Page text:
Corporate Ransomware

Image credit: Blog Ransom Note Sitelock Blog

Last night we got another Reclaimer that was migrating over to us from Bluehost given their site was locked down at because their account reportedly had been hacked. I now understand all to well from the sysadmin side how an infected site can screw up a server. Our plan was to move the account and then do a full scan to quarantine any and all viruses and malware before pointing the DNS.  I ran the scan, and guess what, no viruses, no malware, nada. This person’s site was shutdown for an extended period by Bluehost and then referred to Sitelock because their account was reportedly infected.  Sitelock fixes the problem for a ransom of a fee, and they have to then pay for ongoing protection. It’s literally like the web hosting mob.

What’s more, the site was not infected. This is at least the third time we had a transfer request from a customer who had been referred to Sitelock by Bluehost that had no viruses we could find. How is this acceptable practice?  Is Bluehost cleaning the sites and then shutting down the customer accounts?  These people did not pay Sitelock so it wasn’t them. Something is rotten in Denmark, and I can’t help but think it boils down to one thing: fleecing your customers.  You can promise the world and charge pennies on the dollar because you know in the end you will be collecting those fees in other ways: backups, phony virus protection, etc. When it looks like a scam, and smells like a scam, chances are it is a scam. I just really don’t understand how Bluehost expects to remain relevant when their recent business development seems to be based around cannibalizing their existing clients. When you think about it, this is akin to corporate (a.k.a. legitimatized) ransomware, take down your client’s site, tell them it is infected, push them to make a deal with Sitelock, then sit back and collect your ongoing cut. Some folks have the wherewithal and time to export their stuff and get out, but for many, many others that is far too painful. They are effectively put between a rock and a hard place, like with many ransomware victims who don’t have backups, they are forced to fork out the money.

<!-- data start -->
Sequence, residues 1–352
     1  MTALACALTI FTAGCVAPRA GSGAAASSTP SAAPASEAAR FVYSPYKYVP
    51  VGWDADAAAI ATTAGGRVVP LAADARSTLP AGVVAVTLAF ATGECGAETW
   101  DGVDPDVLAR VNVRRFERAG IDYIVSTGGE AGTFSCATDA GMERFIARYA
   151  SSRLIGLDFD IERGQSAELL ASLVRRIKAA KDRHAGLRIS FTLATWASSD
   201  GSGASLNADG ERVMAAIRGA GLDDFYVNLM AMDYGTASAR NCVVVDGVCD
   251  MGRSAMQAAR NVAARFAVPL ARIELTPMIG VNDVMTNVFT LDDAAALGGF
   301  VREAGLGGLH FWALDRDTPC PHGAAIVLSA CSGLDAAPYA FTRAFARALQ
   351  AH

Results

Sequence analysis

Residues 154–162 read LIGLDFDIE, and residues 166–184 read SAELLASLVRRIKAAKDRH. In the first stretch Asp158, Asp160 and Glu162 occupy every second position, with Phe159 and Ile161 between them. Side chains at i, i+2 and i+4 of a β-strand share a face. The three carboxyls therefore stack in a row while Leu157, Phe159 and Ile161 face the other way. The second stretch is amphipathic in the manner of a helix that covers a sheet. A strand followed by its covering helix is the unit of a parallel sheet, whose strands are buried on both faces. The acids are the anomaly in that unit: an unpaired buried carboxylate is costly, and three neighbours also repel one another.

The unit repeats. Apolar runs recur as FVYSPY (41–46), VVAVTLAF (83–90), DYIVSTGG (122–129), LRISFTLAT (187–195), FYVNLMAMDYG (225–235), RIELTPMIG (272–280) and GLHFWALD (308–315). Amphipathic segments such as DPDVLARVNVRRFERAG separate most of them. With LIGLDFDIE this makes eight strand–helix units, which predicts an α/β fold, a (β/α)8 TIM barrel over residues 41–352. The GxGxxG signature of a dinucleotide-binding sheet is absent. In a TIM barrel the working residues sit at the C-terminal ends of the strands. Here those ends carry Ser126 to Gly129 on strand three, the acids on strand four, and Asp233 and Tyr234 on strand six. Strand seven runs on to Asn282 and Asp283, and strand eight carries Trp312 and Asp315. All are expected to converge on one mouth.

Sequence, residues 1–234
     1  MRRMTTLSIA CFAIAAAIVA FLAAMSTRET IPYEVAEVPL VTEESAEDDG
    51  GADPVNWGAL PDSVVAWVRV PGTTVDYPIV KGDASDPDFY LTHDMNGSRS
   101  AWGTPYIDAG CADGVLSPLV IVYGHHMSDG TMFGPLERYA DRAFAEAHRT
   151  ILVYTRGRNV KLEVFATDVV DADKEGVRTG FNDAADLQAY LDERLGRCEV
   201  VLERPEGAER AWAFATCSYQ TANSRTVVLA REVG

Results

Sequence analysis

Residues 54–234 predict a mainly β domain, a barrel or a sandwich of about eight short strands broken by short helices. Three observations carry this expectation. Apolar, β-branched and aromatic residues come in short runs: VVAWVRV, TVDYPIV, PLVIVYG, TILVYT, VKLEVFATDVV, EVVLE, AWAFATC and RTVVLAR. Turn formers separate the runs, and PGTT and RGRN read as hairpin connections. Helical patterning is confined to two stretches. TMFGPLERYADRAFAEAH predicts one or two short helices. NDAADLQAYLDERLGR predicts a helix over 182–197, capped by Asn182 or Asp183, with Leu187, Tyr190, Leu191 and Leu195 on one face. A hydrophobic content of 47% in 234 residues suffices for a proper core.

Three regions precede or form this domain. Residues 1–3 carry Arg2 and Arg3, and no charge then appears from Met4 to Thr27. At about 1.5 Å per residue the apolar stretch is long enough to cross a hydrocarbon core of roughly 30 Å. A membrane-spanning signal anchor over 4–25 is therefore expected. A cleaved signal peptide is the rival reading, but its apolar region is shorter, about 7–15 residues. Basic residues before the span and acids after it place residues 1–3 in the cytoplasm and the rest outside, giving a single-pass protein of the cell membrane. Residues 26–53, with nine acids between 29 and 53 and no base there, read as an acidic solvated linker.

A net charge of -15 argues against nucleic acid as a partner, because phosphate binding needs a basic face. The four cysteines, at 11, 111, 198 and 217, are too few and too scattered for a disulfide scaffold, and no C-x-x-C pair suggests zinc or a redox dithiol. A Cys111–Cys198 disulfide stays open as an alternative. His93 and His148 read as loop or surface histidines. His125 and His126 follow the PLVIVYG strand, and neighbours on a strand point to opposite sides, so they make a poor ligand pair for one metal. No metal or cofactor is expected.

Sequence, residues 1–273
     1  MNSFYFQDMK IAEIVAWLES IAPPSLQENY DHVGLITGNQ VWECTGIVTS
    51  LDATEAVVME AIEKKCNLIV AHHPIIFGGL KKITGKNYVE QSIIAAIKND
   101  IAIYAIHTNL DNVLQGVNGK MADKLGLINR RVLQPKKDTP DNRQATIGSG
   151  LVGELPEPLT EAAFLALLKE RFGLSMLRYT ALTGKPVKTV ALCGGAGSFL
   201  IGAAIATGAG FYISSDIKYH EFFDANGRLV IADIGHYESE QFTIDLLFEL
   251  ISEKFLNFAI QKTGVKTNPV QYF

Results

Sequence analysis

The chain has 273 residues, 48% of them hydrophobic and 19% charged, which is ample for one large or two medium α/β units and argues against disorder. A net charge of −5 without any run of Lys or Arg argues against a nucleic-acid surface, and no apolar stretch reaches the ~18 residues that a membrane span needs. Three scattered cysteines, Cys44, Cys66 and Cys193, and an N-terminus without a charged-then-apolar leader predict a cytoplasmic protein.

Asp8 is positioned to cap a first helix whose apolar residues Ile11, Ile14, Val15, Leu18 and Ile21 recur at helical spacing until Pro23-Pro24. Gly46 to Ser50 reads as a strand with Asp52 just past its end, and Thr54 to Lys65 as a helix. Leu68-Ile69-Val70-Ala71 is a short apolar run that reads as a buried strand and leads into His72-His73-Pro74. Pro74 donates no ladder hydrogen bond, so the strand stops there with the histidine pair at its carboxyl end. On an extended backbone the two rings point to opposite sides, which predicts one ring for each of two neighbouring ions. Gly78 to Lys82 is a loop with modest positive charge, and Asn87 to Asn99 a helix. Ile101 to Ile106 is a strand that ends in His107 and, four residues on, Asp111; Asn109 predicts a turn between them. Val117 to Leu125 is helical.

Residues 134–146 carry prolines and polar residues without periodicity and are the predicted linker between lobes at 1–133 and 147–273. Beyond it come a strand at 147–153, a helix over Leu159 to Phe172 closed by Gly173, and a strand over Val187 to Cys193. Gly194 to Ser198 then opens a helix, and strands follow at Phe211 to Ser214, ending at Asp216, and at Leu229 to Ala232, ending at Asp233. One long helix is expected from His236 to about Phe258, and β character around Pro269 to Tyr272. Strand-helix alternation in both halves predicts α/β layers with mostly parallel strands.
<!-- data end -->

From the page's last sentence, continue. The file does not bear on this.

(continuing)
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3 Responses to Corporate Ransomware

  1. Corporate filters catch lots of false positives. UCalgaryBlogs got knocked offline for almost 24 hours because the university’s consultants detected nefarious activity and had to pull the plug as an emergency response. What they’d seen was me, the admin of the server, uploading a .zip file through the admin interface. From a campus IP address that had repeatedly accessed the server over the last year. Good times.

    Shared hosting could be another bag of hurt though – another site on the same server could be infected, but the mafia is sent the IP address. ALL SITES AT THAT IP ADDRESS ARE INFECTED OH NO EMERGENCY BLOCK THEM ALL.

    No. Not how it works.

    Sigh. Sometimes the web is more hassle than it’s worth. Except there’s people in there…

    • almost forgot. the corporate IT consultants were hired in response to a major ransomware attack that took the entire university offline last summer. but their countermeasures mostly deal with other stuff that’s completely unrelated to how the russians got in. security theatre is fun.

  2. Tim Stahmer says:

    It’s not just Bluehost. I help a friend whose site is on HostGator and she gets ransomware notes from them on a regular basis. But when I check the files they claim are infected, there is nothing wrong. The only solution their “help” desk has is to sign up for Sitelock, and I’ve heard similar stories from others on HG.

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